Moving on, let's say you want to make twin 40 WPC amplifiers designed to play into an 8 ohm speaker system. Voltage requirements are 25.3v peak (easily do-able) with a current requirement of 3.162A Peak. The filter capacitors in the power supply will supply the peaks, as long as you can provide the value of the average current (roughly Peak * 0.636). In this case, it's a little over 2A. This transformer would easily provide 40 watts into two speakers. It's possible you'd want to double the capacitance in the power supply to stiffen up the response, esp. on the low end where the distance between peaks can get somewhat long. For running 4 ohm speakers, the amount of current will limit the amount of power you get out rather than the voltage. For the maximum amount of RMS output current, you could get about 36 watts out from the transformer (this is sine wave power into a 4-ohm load, coming from the transformer at maximum rated design).

Don't worry about regulating the voltage powering the amplifier. You don't need it for a power amp. Some people say you need it for a preamplifier, but I think that's more because of the ripple reduction of a regulator than the stability.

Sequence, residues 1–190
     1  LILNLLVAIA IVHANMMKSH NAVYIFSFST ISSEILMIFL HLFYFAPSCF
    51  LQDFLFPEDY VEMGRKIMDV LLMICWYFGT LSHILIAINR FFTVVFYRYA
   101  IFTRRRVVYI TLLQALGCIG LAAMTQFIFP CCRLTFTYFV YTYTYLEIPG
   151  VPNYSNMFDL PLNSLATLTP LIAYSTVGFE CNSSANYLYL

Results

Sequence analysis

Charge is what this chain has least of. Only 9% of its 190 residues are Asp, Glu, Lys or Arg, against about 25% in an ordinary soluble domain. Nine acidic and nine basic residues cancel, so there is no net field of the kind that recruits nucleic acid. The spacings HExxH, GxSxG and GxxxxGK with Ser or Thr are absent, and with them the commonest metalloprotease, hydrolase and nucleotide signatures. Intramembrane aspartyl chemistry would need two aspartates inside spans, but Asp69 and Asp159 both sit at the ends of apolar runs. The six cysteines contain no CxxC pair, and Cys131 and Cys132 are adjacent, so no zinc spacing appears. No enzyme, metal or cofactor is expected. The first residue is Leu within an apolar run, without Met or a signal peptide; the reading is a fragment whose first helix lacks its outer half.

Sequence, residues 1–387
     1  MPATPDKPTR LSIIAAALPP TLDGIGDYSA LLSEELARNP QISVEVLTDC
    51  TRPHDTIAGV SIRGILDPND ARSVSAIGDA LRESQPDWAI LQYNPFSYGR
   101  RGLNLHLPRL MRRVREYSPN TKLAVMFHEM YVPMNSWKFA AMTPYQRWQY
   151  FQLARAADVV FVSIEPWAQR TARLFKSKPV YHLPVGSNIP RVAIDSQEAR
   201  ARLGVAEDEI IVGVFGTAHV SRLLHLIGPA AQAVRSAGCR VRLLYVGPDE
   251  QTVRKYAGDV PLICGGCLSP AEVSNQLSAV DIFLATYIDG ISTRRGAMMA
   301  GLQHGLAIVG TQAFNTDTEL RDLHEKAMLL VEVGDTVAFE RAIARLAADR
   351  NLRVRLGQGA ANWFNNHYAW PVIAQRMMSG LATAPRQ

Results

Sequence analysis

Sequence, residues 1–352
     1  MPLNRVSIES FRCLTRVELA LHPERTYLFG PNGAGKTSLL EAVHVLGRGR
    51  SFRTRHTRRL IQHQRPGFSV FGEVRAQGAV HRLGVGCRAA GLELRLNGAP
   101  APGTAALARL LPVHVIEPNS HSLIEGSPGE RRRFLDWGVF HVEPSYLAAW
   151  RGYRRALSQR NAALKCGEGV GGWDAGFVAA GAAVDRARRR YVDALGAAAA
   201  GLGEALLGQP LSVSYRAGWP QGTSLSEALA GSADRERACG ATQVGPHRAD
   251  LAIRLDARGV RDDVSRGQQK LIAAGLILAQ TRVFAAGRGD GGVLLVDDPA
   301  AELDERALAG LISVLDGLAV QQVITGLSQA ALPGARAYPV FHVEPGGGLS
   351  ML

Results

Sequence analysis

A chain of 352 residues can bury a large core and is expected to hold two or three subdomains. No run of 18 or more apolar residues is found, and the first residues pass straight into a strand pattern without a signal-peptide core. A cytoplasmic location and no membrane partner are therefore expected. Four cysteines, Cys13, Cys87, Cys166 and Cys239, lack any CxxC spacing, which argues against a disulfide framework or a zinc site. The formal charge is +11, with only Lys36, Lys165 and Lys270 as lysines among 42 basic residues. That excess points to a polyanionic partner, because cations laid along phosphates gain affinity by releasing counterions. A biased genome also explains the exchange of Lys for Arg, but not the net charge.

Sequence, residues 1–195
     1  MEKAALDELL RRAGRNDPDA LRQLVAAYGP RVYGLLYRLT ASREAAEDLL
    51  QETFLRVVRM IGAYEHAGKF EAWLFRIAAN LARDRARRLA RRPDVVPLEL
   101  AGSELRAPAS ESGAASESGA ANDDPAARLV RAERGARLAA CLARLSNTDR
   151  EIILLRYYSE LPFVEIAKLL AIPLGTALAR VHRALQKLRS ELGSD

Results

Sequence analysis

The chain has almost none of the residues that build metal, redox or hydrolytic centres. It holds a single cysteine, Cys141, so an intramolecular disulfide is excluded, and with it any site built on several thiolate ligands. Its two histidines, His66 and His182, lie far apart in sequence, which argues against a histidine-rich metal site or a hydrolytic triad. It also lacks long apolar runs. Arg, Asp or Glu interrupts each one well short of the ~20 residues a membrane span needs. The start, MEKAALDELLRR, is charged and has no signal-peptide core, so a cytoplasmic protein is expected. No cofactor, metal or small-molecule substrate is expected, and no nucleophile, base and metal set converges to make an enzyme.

neka_budala wrote:
I would like to finish this project, but first problem is wich amplifier to chose depending on transformator, the 26V is problem maybe. Im open for yours sugestions.


If you're new to DIY audio, I would suggest building the power supply as a stand-alone unit (so you can try out different things) and use it to power a kit using chip amps. That way, you can get your feet wet with audio projects without the need for building an all-discrete supply. Here's some links that will let you play with these parts...

http://www.ebay.com/itm/Rectifier-POWER-SUPPLY-PSU-BOARD-FOR-AUDIO-POWER-AMPLIFIER-preamp-AMP-DIY-KIT-/140863277295?hash=item20cc1b08ef:g:u6EAAOSw0UdXvrbL

A rectifier / capacitor kit that will allow you to make two DC rails from that 52vCT secondary. I would recommend taping off the 12-0-12 secondary for now. You can use it later if you want to power a preamplifier, a bluetooth module, etc. If you don't draw any power from the smaller secondary, you can draw some more from the larger one.